Pinpoint the Appeal of the Original

Part of Aymar’s insistence that Assassin’s Creed would be a precedent-setting project came from Ubisoft’s creative involvement, which distinguished the film from many movie cash-ins in which the developer sold the rights to a studio and severed all ties to the product. That model of moviemaking became a trend in 2016: Insomniac was closely involved in Ratchet & Clank (which tanked both critically and financially) and Blizzard consulted on Warcraft. That small sample proved that developer involvement isn’t a panacea for what’s always ailed video game movies. If Ratchet & Clank was too faithful to the original, which made it seem inessential and (in comparison to, say, Pixar) slight when divorced from its arcadey action, Assassin’s Creed seemed surprisingly oblivious to what made the best of the games good.

Apart from its gameplay, which a movie can’t capture, the Assassin’s Creed series thrives on its vibrant historical settings and its depictions of the assassins’ skills: stealthiness and freedom of movement. The games’ sights and sounds bring back bygone eras in a visceral way, while the games’ assassins can climb anything, kill anyone, and escape unscathed.

Like the games, the Assassin’s Creed movie is split between present and past. Unlike the games, it anchors itself to the present, by far the less interesting environment both visually and conceptually. Even when Callum is mentally reliving his ass-kicking ancestor’s battles, the movie constantly cuts to shots of Fassbender pantomiming the same motions while attached to a gleaming machine. The assassins don’t do much sneaking, and the movie’s editing, shaky-cam free-for-alls, and hazy cinematography suppress the exhilaration one would otherwise derive from the fighters’ fluidity. Future video game filmmakers have to do a better job of evaluating what worked in the first place.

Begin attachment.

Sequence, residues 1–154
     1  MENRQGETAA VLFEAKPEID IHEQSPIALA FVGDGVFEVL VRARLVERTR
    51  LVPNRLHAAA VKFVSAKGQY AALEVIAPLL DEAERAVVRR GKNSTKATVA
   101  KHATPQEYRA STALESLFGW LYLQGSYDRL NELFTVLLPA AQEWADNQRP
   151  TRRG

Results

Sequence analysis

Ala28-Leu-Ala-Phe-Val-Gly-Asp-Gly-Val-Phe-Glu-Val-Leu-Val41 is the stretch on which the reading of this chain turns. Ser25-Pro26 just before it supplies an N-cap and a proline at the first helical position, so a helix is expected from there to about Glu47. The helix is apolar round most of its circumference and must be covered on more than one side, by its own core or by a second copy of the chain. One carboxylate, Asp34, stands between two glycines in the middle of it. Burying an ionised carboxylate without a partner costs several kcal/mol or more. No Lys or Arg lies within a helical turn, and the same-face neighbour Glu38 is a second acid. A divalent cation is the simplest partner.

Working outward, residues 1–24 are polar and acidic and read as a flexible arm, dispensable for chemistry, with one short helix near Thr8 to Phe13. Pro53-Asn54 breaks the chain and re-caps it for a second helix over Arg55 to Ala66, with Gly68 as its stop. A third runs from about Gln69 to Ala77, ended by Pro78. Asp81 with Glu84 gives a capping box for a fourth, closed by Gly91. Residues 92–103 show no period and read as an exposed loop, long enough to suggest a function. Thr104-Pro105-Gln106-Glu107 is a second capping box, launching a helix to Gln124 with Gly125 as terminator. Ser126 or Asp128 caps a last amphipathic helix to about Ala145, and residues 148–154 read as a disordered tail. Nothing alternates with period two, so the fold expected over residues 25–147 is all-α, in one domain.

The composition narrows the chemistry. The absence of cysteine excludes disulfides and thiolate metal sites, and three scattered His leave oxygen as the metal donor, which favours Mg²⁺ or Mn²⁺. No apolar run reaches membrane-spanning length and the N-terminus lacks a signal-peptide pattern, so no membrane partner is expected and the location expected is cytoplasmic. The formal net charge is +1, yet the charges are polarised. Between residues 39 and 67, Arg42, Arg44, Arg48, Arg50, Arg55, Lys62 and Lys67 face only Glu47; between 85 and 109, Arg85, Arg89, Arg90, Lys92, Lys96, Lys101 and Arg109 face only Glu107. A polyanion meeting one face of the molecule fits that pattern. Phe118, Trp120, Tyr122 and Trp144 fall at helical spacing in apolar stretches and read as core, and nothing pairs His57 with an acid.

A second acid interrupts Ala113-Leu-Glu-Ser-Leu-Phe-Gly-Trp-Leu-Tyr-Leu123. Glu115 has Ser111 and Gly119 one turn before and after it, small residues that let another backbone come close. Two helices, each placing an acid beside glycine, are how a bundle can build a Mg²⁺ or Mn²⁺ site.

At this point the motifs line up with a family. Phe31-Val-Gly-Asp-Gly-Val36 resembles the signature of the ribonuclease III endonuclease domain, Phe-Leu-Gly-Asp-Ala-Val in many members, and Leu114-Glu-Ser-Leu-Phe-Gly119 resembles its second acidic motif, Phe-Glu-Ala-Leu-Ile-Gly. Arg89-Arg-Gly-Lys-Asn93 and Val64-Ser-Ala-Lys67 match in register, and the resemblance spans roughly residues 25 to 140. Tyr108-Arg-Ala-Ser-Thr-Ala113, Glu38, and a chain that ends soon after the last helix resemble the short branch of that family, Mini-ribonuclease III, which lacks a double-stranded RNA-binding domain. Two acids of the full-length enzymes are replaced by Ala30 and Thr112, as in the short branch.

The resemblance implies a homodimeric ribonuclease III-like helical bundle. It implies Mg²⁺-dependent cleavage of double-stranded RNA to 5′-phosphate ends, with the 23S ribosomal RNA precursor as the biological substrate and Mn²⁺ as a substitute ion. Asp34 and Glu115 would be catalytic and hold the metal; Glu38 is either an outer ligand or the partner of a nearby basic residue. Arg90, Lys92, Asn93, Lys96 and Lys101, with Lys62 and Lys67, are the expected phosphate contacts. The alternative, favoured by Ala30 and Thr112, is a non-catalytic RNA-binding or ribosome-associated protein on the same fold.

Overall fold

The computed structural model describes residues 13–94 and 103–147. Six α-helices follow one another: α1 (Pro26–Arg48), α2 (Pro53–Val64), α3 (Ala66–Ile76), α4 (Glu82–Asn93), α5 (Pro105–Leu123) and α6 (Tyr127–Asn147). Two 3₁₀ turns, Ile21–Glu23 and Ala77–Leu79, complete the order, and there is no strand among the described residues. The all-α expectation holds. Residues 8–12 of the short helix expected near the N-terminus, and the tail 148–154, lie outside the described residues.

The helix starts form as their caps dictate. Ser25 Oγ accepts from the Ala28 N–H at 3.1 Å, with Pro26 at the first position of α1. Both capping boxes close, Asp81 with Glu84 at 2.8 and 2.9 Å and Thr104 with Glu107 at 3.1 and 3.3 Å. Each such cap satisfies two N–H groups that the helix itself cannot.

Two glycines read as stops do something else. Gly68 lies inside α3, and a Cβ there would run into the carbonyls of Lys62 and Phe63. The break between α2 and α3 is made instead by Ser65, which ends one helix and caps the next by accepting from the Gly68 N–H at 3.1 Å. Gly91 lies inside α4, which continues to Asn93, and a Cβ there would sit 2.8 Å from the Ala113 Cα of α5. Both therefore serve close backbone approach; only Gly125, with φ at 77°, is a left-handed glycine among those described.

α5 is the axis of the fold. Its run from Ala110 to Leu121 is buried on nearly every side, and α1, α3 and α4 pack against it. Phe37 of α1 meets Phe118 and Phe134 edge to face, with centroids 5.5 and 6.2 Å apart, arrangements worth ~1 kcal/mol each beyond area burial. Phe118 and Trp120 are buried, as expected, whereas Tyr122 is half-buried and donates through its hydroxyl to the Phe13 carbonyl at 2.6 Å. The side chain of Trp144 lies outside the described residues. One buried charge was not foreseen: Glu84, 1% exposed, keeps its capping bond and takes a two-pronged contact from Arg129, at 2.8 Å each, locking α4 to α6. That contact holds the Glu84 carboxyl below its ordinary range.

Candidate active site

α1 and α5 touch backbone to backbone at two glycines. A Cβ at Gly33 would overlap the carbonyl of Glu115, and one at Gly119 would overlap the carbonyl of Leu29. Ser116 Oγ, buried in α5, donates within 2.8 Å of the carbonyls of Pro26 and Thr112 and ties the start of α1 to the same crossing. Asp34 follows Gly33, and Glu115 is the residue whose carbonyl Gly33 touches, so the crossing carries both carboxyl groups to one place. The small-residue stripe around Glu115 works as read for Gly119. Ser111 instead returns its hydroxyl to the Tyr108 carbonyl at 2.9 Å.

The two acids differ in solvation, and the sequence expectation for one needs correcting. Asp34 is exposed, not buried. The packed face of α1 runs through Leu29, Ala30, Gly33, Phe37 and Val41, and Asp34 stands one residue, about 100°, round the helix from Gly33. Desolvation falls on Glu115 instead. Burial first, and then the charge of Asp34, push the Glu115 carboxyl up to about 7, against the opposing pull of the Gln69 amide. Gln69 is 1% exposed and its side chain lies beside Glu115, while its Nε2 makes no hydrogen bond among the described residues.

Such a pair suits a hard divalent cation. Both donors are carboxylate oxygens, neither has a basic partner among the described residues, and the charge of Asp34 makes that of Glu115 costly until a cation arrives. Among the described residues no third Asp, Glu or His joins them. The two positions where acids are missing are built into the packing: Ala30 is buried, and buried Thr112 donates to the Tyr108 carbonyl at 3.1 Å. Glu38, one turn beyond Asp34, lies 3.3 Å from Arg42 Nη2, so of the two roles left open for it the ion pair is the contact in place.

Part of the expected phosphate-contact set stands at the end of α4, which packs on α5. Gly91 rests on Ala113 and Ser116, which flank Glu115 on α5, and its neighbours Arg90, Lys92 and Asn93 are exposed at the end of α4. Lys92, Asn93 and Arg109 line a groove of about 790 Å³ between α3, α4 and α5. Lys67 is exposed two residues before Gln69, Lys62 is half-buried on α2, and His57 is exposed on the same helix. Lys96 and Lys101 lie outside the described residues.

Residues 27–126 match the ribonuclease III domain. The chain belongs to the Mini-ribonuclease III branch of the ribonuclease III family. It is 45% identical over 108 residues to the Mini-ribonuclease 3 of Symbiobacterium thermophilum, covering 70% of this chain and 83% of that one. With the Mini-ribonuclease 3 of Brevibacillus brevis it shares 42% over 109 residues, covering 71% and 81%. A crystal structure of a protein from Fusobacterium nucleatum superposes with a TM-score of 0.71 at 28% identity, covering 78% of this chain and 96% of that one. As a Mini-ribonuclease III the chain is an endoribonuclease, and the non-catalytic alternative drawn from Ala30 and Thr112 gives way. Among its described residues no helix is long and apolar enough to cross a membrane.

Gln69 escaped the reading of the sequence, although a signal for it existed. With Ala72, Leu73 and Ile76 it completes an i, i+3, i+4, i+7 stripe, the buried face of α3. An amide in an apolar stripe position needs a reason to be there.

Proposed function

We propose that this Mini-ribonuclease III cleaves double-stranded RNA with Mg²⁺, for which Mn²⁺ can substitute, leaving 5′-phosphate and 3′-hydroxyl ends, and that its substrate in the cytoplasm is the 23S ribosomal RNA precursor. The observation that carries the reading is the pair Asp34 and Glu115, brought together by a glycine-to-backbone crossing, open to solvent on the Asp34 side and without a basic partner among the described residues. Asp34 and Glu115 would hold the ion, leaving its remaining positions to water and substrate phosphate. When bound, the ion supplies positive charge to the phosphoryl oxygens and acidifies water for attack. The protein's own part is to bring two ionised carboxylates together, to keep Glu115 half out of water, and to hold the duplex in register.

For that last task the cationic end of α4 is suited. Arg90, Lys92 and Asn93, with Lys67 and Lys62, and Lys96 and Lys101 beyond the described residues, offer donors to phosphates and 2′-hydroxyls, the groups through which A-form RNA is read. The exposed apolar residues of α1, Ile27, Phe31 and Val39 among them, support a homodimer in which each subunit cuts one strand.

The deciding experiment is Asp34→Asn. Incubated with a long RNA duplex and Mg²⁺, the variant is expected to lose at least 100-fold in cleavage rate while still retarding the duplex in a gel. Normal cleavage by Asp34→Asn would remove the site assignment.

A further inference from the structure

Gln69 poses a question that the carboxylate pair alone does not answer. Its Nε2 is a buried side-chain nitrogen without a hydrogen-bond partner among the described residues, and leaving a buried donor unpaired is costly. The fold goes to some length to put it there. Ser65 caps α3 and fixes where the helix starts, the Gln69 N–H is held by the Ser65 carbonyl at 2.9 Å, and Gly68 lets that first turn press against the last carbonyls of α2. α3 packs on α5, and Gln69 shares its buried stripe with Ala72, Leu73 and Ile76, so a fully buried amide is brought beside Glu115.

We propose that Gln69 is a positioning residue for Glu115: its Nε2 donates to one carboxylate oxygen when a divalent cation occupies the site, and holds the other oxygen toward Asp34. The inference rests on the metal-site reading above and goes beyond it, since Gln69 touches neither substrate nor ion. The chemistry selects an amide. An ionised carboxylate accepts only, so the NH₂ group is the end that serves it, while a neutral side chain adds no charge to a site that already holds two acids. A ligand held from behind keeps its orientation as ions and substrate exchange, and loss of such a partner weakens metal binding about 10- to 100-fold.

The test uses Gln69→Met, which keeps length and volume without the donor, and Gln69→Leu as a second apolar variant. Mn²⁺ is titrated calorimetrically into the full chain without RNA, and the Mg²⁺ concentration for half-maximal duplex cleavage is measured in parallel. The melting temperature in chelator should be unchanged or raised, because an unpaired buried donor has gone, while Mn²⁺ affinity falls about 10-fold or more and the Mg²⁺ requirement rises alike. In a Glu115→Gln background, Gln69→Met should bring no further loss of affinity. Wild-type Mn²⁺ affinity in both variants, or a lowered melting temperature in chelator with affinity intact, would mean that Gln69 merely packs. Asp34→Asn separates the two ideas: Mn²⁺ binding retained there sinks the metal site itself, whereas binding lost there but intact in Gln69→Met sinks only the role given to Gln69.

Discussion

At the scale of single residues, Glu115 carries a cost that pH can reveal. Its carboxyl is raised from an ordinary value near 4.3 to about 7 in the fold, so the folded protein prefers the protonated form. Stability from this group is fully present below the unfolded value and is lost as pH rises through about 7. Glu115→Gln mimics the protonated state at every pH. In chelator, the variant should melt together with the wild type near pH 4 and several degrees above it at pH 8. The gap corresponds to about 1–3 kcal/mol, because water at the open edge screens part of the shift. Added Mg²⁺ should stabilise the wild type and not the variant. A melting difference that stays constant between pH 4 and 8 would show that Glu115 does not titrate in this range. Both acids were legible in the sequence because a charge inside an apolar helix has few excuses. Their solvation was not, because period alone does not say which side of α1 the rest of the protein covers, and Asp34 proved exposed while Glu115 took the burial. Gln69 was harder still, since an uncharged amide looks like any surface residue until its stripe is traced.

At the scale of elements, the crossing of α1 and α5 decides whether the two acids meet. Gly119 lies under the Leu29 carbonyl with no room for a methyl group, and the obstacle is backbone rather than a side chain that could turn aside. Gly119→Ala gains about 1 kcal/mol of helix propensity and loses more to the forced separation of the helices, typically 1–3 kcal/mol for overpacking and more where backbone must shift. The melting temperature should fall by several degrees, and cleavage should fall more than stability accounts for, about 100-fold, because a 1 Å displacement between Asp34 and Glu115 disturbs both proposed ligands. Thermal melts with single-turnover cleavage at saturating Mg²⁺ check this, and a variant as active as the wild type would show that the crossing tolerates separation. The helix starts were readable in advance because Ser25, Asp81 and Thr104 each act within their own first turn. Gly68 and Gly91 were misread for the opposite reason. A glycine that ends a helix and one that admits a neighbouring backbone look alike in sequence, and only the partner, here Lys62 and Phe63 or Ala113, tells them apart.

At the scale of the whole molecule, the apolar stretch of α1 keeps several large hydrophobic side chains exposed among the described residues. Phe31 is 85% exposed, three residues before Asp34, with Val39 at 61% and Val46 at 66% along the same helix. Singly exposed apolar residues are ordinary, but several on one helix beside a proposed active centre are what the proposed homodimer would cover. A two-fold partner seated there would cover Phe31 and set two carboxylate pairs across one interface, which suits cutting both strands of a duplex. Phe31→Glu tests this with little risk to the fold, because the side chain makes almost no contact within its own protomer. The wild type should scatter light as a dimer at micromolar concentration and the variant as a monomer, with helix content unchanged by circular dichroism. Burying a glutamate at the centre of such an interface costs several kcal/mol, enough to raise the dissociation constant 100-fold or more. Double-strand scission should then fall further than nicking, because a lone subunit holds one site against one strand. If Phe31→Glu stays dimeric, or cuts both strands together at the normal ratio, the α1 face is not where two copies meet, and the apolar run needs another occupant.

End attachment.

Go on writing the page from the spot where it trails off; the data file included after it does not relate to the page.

Lighten Up a Little

Despite its structural flaws, Assassin’s Creed’s would work if it weren’t so serious about being serious. Not only does the movie strain its audience’s suspension of disbelief beyond the breaking point — Christopher Columbus makes a ridiculous cameo — but it does so without a whiff of self-awareness. The only line that gets a laugh — and one of the only lines that attempts to — comes early on, when Callum, bewildered by clumsy exposition, wonders aloud, “What the fuck is going on?” It’s the only instance in which the movie acknowledges, and rewards, the audience’s incredulity. Couple that somber tone with the script’s simplistic dialogue, Fassbender’s unsmiling gruffness, and Cotillard’s dead-inside delivery, and most of the movie smacks of the cutscenes one would normally skip. If people can’t be more compelling than polygons, what’s the point?

Whether Ubisoft was trying to make the first “fresh” video game movie or, as it once claimed, simply seeking to sell more games, Assassin’s Creed comes up short. At least it left a few breadcrumbs for the next project that loses its way while tilting at a Hollywood windmill.